London-based photographer Lola Paprocka focuses her lens on the often overlooked curiosities of city and suburban life.

London-based photographer Lola Paprocka focuses her lens on the often overlooked curiosities of city and suburban life.

Lola Paprocka is an autodidactic photographer based in London. Her work has been published in many contemporary anthologies – from Stay Young to Self Publish Be Happy and Vice – and she has exhibited in galleries across the world, from her native Poland to far-flung Hong Kong.

With careful composition that often conjures witty juxtapositions, Lola’s work focuses on the often overlooked curiosities of city and suburban life and the characters and scenarios she finds there. Her images have a quiet sensitivity and humility but are often humorous too, depicting unexpected things in beautiful ways.

When and why did you start shooting pictures?
I got an old Russian camera (Zenit) from my mum about three-and-a-half years ago when I was going to Australia for a few months. I had no idea how to use it so I just learnt by taking pictures. I have two amazing friends who supported my photography and pushed me to keep doing it. Since then I always have at least one camera on me every time I leave the house.

What is it you love about film photography?
I guess it’s a little bit more romantic than digital photography and you never know exactly what will come out when you develop the film. Some pictures turn out to be a disaster when you expect them to be good and the same with random ones that end up being your favourite from the whole film. It’s a lot to do with luck and being in the right place at the right time.

What are you passionate about – interests, hobbies outside of photography – and how does this inform the images you take?
I travel quite a lot and that’s always connected with my photography now. I think of a project I can work on while I’m away. Also working in tattoo shops and collecting tattoos has been an important part of my life; it’s a good subject for photography. I always take my camera to tattoo conventions. I am especially interested in older people with tattoos. I used to take pictures at hip hop nights and gigs. Music had massive impact on me through my teenage years. Also Spike Lee and Jim Jarmush movies. Now I focus more on documentary, landscape and architecture.

Who or what inspires your work? Any other photographers?
Wolfgang Tilmans, Joel Strenfeld, William Eggleston. Artists outside of photography like Spike Lee, Miranda July, Jim Jarmusch, writers like Milan Kundera, Henry Miller ,Patti Smith. People who inspire me in real life would be [photographer] Pani Paul – I ask him a million technical questions daily. Dawid Misiorny, a photographer and old friend who understands my thought process better than myself sometimes. Aga Jagustyn and Mike Bartz – both very creative; amazing curators and art directors.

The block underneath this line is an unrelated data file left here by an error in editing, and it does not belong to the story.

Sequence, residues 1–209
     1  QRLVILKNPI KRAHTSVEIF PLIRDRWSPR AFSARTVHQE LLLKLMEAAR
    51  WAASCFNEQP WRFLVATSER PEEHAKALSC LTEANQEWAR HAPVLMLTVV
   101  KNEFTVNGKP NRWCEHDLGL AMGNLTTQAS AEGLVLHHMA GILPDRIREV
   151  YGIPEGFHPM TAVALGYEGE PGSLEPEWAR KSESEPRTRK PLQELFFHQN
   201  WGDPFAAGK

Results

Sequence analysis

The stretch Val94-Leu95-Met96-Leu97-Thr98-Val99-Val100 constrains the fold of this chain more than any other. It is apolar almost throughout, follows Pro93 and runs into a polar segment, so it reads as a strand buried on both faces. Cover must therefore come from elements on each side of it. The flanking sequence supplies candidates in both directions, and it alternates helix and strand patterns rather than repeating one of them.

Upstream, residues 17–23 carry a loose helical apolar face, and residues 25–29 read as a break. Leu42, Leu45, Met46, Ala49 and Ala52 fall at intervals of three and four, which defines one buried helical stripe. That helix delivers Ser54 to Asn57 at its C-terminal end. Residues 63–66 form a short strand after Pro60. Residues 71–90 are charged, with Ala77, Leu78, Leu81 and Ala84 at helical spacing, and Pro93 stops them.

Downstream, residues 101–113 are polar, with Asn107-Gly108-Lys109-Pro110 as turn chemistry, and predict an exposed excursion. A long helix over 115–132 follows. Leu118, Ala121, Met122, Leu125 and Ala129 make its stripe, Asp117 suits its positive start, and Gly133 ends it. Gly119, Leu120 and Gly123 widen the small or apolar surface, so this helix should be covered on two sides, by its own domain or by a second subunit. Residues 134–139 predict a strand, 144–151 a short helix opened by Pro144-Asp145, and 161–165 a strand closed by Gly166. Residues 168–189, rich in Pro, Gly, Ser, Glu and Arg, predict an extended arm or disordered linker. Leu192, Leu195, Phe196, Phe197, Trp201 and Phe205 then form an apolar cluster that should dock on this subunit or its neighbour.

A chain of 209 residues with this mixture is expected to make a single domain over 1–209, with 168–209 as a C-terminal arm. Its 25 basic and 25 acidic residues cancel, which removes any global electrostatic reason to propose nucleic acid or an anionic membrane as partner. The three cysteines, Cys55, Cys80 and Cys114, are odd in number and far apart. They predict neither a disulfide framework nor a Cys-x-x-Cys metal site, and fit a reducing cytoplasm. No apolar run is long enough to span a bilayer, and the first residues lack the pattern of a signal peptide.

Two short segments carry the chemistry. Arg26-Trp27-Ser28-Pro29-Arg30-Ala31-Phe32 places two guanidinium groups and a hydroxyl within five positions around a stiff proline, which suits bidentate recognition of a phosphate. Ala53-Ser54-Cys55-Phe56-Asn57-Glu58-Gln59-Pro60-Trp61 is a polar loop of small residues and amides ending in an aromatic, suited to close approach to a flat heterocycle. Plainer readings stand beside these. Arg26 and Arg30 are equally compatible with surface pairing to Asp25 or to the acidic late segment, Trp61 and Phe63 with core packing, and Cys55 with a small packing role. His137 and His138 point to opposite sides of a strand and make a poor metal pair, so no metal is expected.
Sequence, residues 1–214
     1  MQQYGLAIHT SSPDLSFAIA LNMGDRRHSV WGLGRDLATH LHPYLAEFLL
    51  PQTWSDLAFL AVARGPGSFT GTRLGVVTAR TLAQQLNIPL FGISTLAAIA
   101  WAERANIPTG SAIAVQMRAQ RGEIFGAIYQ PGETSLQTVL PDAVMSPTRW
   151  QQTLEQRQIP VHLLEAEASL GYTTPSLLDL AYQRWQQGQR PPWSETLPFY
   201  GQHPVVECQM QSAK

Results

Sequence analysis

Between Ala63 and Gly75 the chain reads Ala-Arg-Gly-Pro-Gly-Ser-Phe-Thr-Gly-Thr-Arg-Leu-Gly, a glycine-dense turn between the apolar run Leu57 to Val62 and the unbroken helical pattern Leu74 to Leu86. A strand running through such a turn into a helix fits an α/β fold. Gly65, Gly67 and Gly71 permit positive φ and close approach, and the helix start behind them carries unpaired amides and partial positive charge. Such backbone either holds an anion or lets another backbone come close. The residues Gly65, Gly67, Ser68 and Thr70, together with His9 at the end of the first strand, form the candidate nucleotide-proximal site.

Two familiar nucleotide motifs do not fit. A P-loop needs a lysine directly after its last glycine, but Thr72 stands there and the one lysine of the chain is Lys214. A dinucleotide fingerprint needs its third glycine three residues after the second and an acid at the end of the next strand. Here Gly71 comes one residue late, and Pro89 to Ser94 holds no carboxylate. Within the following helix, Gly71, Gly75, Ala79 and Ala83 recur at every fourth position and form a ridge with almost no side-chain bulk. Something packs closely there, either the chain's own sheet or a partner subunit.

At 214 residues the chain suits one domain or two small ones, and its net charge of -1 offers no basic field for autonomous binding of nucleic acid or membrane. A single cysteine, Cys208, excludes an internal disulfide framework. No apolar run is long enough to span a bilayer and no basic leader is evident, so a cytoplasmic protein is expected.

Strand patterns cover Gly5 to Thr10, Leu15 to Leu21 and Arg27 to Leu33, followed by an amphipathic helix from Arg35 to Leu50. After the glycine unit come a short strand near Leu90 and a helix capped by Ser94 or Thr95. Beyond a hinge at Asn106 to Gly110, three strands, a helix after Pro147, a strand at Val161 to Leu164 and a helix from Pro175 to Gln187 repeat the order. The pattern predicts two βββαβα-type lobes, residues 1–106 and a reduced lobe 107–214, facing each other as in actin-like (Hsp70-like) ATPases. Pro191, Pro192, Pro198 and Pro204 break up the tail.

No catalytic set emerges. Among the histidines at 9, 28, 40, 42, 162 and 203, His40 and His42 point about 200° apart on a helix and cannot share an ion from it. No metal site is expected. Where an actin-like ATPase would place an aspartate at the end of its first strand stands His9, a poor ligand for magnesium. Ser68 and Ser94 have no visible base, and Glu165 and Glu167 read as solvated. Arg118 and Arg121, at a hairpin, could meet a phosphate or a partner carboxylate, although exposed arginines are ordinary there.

What do you do for a living and how does photography fit into your life?
I run an independent clothing label, Mama’s Gun Co and I worked on the last look book in collaboration with Pani Paul. I work for tattoo artists Xam and Claudia Sabe selling prints, paintings and books. I also travel around Europe for tattoo conventions; this gives me great opportunities to take pictures of local scenes, architecture and different characters.

How do you share your work?
I took part in quite a few group exhibitions and made a zine last year. I got a few submissions online and in printed media. I’m curating my first book at the moment which includes my own work as well as four other photographers; Callum Paul, Lloyd Stubber, James Whineray and Pani Paul. The publication will be launched in Melbourne in January 2014. It’s the first time I’ve curated an entire launch/exhibition. It’s a bit scary but I have lovely people helping me out so I’m more excited than freaked out. After I get back from Australia I’m going to work on the exhibition/launch in London. I’m very sentimental so there’s usually a story behind my pictures but I still believe they should be interesting without knowing the story.

Are your photos staged/posed or documentary?
They are mainly documentary pictures. I used to shoot a lot more portraits but I really got into nature stuff after my last trip to Australia a year ago. I’m still learning and trying new things so I guess my style will keep changing.

You can see more of Lola’s work on her website.

Are you a film photography fan? To be considered for a slot on the Huck site, send a folio of 10 analogue images to hello@tcolondon.com using the subject line MY LIFE IN ANALOGUE.

Submissions made before December 20, 2013, will be entered into a competition to win a Lomography camera. See competition for further details.